two may be confused for one another. The precise degree of similarity
necessary to cause confusion is difficult to quantify, as it depends
on the observer, the fonts and font sizes used, and the context in
which the homograph is observed.
There are many different categories of confusable characters. They
may be drawn from the same script, such as the Latin characters '-'
(hyphen) and '--' (en dash). Different scripts may be involved, such
as with the Latin character a and the Cyrillic character
a (small letter a). Font choices can affect confusability;
the Latin characters 'rn,' if rendered with a sans-serif font appear
as rn and can be confused with the Latin character 'm.'
Two characters with very different glyphs may appear to be identical
if a browser does not have support for one of them. For example, an
ä ('a' with an umlaut) might be rendered without the umlaut.
Further compounding the problem is the fact that confusable characters
do not need to be used when constructing confusable strings. The word
recieve may be confused with receive, and even more
complicated misspellings may be overlooked by a causal observer.
Given all of this complexity, in this paper we do not attempt to
establish perceptual thresholds of confusability and rigorously
examine all possible confusable characters. Instead, we make the
simplifying assumption that two characters are confusable if and only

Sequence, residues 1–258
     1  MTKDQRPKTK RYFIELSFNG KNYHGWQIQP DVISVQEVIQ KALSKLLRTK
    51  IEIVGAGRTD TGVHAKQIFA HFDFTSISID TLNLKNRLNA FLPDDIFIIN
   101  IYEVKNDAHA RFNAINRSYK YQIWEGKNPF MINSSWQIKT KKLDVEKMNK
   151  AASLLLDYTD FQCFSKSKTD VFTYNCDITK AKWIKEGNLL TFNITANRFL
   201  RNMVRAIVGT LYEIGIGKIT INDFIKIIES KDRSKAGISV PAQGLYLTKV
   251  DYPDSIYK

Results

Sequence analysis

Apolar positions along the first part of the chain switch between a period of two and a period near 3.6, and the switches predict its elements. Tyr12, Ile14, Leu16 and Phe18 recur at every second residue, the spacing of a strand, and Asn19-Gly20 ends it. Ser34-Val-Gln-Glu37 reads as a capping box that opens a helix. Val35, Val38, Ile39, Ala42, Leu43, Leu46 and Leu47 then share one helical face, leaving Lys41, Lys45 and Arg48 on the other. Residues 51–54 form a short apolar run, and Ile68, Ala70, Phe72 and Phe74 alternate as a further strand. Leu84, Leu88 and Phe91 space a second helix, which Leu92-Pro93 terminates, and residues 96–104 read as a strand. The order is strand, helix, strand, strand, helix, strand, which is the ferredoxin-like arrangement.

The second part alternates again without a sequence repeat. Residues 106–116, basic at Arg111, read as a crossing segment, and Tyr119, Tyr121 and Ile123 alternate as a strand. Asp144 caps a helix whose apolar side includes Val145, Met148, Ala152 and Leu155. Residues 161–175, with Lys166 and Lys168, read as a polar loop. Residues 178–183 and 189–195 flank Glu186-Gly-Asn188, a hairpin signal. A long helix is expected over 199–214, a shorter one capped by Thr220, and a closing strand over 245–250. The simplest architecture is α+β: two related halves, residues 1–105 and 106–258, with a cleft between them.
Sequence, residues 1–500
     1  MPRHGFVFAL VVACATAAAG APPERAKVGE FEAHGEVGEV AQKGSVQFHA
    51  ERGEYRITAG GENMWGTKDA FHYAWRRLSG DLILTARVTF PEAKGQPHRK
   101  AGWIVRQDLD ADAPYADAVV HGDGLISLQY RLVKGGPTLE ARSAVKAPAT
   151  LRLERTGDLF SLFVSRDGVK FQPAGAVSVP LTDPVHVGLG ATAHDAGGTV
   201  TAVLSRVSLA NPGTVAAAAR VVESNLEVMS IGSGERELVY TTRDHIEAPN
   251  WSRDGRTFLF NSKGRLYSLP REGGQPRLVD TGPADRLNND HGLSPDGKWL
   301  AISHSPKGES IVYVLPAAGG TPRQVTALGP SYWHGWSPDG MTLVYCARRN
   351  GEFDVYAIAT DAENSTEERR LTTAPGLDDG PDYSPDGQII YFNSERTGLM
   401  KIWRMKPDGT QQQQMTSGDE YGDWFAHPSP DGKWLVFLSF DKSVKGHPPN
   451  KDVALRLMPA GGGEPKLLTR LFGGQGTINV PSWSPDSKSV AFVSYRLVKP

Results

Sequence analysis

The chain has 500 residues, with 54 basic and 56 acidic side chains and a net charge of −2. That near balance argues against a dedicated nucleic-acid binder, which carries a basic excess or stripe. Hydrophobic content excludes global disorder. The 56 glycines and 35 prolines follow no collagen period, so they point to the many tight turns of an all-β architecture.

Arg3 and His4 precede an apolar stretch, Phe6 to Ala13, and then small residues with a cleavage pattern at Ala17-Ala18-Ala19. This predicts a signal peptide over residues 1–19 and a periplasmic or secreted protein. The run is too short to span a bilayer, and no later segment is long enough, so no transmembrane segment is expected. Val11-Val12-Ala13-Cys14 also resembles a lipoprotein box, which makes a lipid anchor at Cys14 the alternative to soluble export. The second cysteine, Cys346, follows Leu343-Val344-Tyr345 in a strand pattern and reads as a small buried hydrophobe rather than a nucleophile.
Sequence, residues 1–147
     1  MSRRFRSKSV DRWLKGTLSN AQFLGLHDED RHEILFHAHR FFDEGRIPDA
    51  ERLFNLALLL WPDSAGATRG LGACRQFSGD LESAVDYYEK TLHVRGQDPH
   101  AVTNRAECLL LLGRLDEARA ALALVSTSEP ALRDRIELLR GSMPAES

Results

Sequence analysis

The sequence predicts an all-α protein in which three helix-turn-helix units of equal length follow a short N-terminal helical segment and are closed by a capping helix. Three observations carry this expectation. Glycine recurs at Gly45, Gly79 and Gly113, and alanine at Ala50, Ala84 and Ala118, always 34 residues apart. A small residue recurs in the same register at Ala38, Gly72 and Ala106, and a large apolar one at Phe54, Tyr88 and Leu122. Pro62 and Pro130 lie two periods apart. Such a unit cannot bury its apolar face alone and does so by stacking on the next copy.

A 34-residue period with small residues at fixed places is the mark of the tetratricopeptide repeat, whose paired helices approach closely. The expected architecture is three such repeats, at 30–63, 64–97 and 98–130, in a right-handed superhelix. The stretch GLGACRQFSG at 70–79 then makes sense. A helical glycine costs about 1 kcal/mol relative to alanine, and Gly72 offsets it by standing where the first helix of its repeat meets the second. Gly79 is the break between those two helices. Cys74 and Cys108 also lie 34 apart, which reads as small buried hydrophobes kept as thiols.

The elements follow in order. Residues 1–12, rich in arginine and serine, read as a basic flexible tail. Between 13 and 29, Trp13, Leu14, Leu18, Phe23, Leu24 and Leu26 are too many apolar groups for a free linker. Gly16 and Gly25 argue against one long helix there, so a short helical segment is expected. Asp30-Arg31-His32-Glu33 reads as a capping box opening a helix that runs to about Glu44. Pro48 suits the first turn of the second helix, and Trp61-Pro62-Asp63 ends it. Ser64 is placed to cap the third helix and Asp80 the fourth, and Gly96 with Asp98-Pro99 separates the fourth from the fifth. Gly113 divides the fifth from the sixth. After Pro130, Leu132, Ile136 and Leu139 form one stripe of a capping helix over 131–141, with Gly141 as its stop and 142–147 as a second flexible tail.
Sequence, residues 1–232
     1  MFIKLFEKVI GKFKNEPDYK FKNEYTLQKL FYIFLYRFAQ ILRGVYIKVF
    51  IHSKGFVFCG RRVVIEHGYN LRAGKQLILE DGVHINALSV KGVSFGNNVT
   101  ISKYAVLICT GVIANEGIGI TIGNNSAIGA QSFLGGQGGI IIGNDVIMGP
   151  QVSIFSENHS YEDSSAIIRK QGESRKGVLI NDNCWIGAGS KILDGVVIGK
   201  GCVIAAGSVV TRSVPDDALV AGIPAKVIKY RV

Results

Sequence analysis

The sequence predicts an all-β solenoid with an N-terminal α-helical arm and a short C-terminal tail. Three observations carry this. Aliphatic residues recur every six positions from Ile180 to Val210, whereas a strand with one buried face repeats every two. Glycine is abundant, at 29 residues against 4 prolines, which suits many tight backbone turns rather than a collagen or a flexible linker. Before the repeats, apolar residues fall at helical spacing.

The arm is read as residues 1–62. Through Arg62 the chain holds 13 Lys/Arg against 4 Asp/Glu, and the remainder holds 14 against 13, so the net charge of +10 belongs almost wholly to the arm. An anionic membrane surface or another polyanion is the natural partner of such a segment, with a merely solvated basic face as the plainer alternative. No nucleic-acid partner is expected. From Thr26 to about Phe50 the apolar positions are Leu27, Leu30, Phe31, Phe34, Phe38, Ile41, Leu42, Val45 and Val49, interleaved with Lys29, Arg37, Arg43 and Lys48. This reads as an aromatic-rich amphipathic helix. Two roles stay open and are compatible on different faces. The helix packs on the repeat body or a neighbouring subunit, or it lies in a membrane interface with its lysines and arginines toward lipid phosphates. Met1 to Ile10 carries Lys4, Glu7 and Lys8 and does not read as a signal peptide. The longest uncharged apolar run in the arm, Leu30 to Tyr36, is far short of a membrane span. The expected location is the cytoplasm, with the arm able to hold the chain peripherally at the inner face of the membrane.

if they are listed as confusable in the Unicode Technical Report on
security considerations [Davi05].
This assumption gives us only a rough approximation to the real world
notion of confusability, however, as we will show in
Section 3, many registered domain names do have
confusable domains registered consisting of character substitutions.
In most cases, these confusable domains do not have a legitimate
With this assumption in place, we can operationally define the
confusability of two strings: one string is confusable with another
string if and only if they are related by some number of confusable
character substitutions. As an example, consider the following
string, which contains four character substitutions:
The underlined characters are Cyrillic confusables of their Latin
character counterparts. For this particular string, the set of all
confusable strings related to it is enormous (32,459,975,614,080),
since most of the characters in the string have at least one
confusable character associated with them, and we must consider all
possible one, two, three, ..., twenty-one character substitutions.
Increasing the number of confusable character substitutions in a
string tends to make the string less confusable. Accordingly, in
practice confusable strings tend to contain only one or two
subtitutions, though as we will show in
Section 3, some popular domains have
registered confusables with up to five character substitutions.
In this paper, we examine a simple kind of homograph attack, in which
an attacker registers a domain name that is confusable with some other
domain name, presumably to lure victims to their site. In principle,
two registered domains may both be associated with legitimate
organizations, yet still be confusable with each other. In practice,
a given set of confusable domain names tends to consist of a single
authoritative domain, and a collection of non-authoritative,
illegitimate domains. Though authoritativeness is a subjectively
defined characteristic, we have found in all cases it is simple to
distinguish between the authoritative domain that people intend to
visit, and the non-authoritative confusables that attackers create.
3 Measurement Study
We gathered a nine-day-long trace of the Web activity generated by the
population of clients in the Department of Computer Science and
Engineering at the University of Washington. The department consists